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Minnesota is in the midst of a massive and historic energy transformation

Our state’s leaders should advance policies that further increase opportunities for growth and innovation in the energy efficiency and clean energy industry.

Minnesota is on the front lines of a clean energy transformation that is reshaping the U.S. energy landscape. Increased use of clean energy sources and strong and consistent investments in energy efficiency are saving Minnesotans money and creating tens of thousands of jobs. The question? How do we build on this success?

Gregg Mast

The Business Council for Sustainable Energy and Bloomberg New Energy Finance recently released its 2018 Sustainable Energy in America Factbook. The data told a compelling story: Energy businesses are thriving and growing faster than many imagined possible. It also stated that energy efficiency, renewable energy, and natural gas are — together — dominating today’s energy economy.

Minnesota is in the spotlight once again, for being a national leader in the energy efficiency and renewable energy sectors. These changes are fostering the creation of high-paying jobs while increasing our energy productivity and competitiveness through low energy bills.

For example, the Science Museum of Minnesota recently completed an energy efficiency project in collaboration with Trane, a leading manufacturer of heating, ventilation and air conditioning systems and controls. The project will decrease the amount of energy used while delivering savings in excess of $300,000 in operating costs each year.

Lisa Jacobson

It is important to note that these trends and economic benefits are expanding throughout the state – especially to our rural communities.

According to the 2017 Clean Jobs Midwest report, Greater Minnesota is home to more than 17,000 clean energy jobs, representing 30 percent of the state’s total clean energy workforce. Energy efficiency improvements, along with investments into wind and solar, are spurring rural economic development, reducing energy costs, and providing important tax revenue to communities across the state.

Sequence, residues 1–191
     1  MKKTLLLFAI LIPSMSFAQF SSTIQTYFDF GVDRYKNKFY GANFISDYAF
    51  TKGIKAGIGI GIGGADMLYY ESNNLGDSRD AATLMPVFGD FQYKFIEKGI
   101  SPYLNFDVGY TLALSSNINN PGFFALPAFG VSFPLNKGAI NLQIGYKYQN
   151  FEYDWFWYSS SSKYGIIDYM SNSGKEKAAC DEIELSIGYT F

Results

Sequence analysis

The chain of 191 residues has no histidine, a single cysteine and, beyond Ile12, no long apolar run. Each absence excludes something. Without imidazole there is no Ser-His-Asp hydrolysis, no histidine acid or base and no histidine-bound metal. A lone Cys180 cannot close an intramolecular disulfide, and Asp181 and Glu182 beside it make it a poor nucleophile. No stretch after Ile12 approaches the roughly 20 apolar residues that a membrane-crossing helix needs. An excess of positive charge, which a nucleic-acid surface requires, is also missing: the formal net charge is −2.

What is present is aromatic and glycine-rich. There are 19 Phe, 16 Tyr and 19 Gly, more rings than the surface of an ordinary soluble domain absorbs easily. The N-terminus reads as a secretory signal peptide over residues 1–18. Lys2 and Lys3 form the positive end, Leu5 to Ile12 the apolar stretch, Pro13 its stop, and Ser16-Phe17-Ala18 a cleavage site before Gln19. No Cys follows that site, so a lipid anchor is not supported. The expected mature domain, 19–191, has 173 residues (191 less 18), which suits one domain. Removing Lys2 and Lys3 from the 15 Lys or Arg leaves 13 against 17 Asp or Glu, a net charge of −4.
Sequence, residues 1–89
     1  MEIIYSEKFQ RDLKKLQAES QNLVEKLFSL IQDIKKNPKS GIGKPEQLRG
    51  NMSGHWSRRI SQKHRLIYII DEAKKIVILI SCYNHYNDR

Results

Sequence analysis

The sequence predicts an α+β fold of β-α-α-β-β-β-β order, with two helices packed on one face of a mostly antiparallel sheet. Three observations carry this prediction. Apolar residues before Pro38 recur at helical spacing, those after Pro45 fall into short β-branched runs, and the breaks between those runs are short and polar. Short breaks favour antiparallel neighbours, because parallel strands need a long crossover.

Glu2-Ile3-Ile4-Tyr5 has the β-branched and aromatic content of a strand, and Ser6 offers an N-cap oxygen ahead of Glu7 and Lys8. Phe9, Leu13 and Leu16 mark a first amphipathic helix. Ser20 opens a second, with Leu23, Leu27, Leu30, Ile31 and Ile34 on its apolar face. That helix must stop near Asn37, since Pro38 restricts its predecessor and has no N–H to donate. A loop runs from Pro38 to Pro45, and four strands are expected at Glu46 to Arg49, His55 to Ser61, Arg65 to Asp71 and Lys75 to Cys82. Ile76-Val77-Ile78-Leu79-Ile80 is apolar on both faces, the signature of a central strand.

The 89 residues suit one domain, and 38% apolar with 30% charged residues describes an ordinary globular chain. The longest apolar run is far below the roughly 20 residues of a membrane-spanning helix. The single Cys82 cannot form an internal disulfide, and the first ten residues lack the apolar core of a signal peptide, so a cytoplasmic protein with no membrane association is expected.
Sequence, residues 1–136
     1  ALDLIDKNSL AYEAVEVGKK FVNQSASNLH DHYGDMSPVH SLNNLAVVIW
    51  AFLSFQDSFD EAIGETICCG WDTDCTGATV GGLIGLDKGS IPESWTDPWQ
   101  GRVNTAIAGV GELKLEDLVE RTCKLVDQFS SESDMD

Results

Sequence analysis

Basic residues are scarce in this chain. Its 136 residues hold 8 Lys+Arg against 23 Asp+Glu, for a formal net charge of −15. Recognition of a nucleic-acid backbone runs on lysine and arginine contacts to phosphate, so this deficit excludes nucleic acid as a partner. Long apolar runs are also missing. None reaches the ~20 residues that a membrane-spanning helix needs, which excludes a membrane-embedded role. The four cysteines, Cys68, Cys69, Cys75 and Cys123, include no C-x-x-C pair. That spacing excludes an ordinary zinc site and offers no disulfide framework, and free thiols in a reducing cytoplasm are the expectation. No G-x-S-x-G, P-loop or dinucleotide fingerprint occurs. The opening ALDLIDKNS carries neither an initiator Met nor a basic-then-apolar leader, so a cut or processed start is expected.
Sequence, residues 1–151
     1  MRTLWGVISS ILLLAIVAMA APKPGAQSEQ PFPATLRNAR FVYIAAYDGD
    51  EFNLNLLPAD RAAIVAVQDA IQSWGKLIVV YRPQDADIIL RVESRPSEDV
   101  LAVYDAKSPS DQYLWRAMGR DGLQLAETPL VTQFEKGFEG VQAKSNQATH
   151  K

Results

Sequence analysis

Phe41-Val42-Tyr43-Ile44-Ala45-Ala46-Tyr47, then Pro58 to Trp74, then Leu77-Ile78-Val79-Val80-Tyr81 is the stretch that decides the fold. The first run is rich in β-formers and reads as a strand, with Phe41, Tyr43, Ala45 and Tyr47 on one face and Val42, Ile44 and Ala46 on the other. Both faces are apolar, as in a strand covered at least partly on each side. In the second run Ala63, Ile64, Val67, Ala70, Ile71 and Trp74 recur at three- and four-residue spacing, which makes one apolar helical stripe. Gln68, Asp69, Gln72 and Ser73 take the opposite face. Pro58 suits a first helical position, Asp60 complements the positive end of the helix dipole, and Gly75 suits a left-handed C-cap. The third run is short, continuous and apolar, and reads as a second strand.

In the last year alone, Minnesota added 467 megawatts (MW) of solar capacity — enough to power 53,000 homes and nearly tripling the capacity added in 2016. This growth was also accompanied by an exceptional 48 percent increase in solar industry jobs as found in The Solar Foundation’s latest Solar Jobs Census. Looking ahead, there are several exciting projects under way that will further accelerate the delivery of clean energy and the creation of more jobs.

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What is responsible for Minnesota’s explosive growth? Policy leadership has played a strong role in our success. Consistent and forward-looking policies that value clean energy deployment have fostered significant business investment in this sector.

As a result, the share of energy generated by renewables has risen sharply over the past five years; renewable energy now provides 25 percent of the state’s electricity generation. This has put Minnesota on track to meet, or exceed, its 2025 Renewable Energy Standard and has also provided the “go” signal that companies and investors need when deciding to invest in new business opportunities.

While these sweeping changes are occurring, Minnesota is rapidly adding jobs in the energy efficiency and clean energy sector at a rate nearly four times faster than all other job types in the state – as well as enjoying retail electricity bills that are lower than the national average.

Minnesota can also count among its successes a consistent ranking in the top 10 of all 50 states for our overall energy efficiency programs.

This year’s Factbook shows that we are in the midst of a seismic shift in how energy is being generated and consumed. The state is well positioned to build on the tremendous progress we’ve made. To ensure Minnesota continues to create jobs and attract investment in this burgeoning sector, our state’s leaders should advance policies that further increase opportunities for growth and innovation in the energy efficiency and clean energy industry.

Reducing waste, saving consumers money, and improving the security and resiliency of Minnesota’s energy system should be priorities that all policymakers can agree on. Minnesota can and should continue to lead on clean energy.

Gregg Mast is the executive director of Clean Energy Economy Minnesota. Lisa Jacobson is the president of The Business Council for Sustainable Energy.


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